Responsibility for crashing of Boeing airplane must be borne not only by the crime perpetrators, but also by politicians. However, it will be difficult to reach any progress in the criminal investigation without exerting pressure onto the Russian Federation.

On February 17-19, 2016 International Air Transport Association held an annual symposium in Barcelona. The event hosted all world-known figures in the sphere of Aviation Law: lawyers of airports, airlines and insurance companies, scientists and representatives of big international law firms.

Among the key questions discussed at the symposium was a matter of exercising effective justice in relation to crimes committed against aircrafts. The central matter of the discussion was related to the airplane of Malaysian Airlines (flight MH 17) and the procedure of bringing the guilty of this crime to responsibility.

Let’s review possible options for choosing a jurisdiction intended to prosecute persons who committed the crime.

It is possible to make a choice between three jurisdictions for bringing the guilty persons to responsibility: national jurisdictions of Ukraine or of the Netherlands, as well as international jurisdiction – the International Criminal Court in Hague.

In our opinion, Ukraine is not a highly effective jurisdiction in relation to this crime as soon as it is raging actual war with the Russian Federation and is maintaining no contacts with law enforcement agencies of the two related countries. The Netherlands is a different matter: it is the EU member and has a corresponding political support. The Netherlands and the Russian Federation are the parties-signatories to the European Convention on mutual assistance in criminal matters as well as to the European Convention on Extradition. By applying these internationally-accepted legal instruments (with political support of the EU) the Prosecutor’s Office of the Netherlands could become more effective in bringing the guilty persons to responsibility. In its turn, Ukraine could transfer the materials of its criminal investigation to the Dutch competent authorities, which is allowed under the criminal procedure legislation of Ukraine.

As for the jurisdiction of the International Criminal Court in Hague it will only be possible to apply the authority of the court if Ukraine makes a corresponding declaration about acceptance of its jurisdiction. On February 04, 2015 Verkhovna Rada of Ukraine passed a declaration on acceptance of the jurisdiction of the International Criminal Court in relation to crimes against humanity and in relation to to the war crimes committed by officials of the Russian Federation and by the leaders of terrorist organizations of “so-called” Donetsk and Lugansk People’s Republics which led to mass killings of Ukrainian citizens. We believe that the crime related to the downed plane of Malaysian Airlines may be considered within the context of the declaration made by the Ukrainian Parliament as soon as it constitutes a link or a part of military aggression launched against Ukraine. Thus, the requirement of the Rome Statute regarding the terms of jurisdiction of the said authority is considered to be complied with.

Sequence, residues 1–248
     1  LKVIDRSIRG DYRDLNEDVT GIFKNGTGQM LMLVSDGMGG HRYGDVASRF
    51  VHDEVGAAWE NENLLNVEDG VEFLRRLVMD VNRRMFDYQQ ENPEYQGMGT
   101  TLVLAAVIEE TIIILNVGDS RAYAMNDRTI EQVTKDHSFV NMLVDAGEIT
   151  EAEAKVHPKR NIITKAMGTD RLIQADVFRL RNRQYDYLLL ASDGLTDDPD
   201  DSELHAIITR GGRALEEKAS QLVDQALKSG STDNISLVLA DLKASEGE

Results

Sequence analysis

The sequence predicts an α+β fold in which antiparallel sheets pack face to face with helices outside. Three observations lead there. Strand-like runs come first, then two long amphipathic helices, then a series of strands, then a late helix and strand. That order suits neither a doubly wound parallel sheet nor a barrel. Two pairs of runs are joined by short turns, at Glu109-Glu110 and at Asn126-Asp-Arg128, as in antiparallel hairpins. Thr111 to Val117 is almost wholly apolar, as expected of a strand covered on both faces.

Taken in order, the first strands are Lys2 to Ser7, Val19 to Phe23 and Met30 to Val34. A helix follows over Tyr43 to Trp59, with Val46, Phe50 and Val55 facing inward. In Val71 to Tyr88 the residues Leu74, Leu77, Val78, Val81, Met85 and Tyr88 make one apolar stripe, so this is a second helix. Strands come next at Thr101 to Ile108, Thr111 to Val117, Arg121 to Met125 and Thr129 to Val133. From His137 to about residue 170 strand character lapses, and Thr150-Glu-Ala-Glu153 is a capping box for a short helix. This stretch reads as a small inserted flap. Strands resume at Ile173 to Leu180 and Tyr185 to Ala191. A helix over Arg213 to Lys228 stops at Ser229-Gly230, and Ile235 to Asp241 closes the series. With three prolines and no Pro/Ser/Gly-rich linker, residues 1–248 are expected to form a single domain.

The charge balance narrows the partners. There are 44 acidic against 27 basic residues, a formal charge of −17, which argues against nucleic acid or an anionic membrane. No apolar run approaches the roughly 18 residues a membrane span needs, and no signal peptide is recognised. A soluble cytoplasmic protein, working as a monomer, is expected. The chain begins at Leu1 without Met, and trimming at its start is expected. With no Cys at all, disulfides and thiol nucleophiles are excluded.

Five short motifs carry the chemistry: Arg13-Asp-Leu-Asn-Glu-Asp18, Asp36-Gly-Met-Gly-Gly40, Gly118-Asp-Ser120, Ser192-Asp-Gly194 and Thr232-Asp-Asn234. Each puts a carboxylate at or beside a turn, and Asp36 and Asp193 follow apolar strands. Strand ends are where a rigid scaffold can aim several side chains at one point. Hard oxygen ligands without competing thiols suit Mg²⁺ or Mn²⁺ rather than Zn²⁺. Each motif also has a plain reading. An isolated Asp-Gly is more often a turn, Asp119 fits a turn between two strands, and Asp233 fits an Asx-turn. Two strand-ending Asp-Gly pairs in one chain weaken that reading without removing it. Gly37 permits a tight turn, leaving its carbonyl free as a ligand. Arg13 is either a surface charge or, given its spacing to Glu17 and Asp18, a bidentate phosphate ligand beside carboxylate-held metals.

If the International Criminal Court acknowledges its jurisdiction over the mentioned crime there will arise a question of classification of actions committed by the guilty persons. The Rome Statute stipulates for such groups of crimes which fall under its jurisdiction: the crimes of genocide; crimes against humanity; war crimes; crimes of aggression. In our opinion the crime of bringing down the MH 17 airplane may be qualified as a war crime. More importantly, the positive side of applying the instrumental framework of the Rome Statute is that not only immediate perpetrators of crime and commanders of corresponding military units shall be brought to responsibility, but also those who bear political responsibility. In this situation such arguments from potential allegations as “I did not know that it was a civil airplane” will not work as soon as the responsibility is imposed not only for “knowledge”, but also for awareness of or familiarity with possibility of inflicting criminal implications. The same formula shall be applied to the immediate perpetrators of crime who will not be able to refer to such “error in fact” as “we did not know that it was a civil airplane” as soon as the subjective component of the basis for bearing responsibility stipulates not only for the express intent, but also for the awareness of the possibility of ensuing of negative consequences under the certain circumstances.

An Achilles heel of the International Criminal Court is detention and arrest of suspects as soon as the court has no valid instruments to enforce its decisions. Enforcement of the said decisions is within the competence of national law-enforcement agencies. That is why it is unlikely that the Russian Federation shall be willing to collaborate with the court taking regard for the fact that Russian officials made a declaration about possible termination of cooperation with the International Criminal Court as a result of the investigation relating to the military engagement of the Russian army into the war waged in Georgia in 2008. It will be difficult to reach any success in this case without exerting pressure by the international community onto the Russian ruling elites.